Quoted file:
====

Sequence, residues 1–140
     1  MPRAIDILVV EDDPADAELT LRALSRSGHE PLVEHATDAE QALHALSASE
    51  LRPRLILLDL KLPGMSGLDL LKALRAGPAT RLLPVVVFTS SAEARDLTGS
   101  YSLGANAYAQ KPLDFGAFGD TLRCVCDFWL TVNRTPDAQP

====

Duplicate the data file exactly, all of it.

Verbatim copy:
Sequence, residues 1–140
     1  MPRAIDILVV EDDPADAELT LRALSRSGHE PLVEHATDAE QALHALSASE
    51  LRPRLILLDL KLPGMSGLDL LKALRAGPAT RLLPVVVFTS SAEARDLTGS
   101  YSLGANAYAQ KPLDFGAFGD TLRCVCDFWL TVNRTPDAQP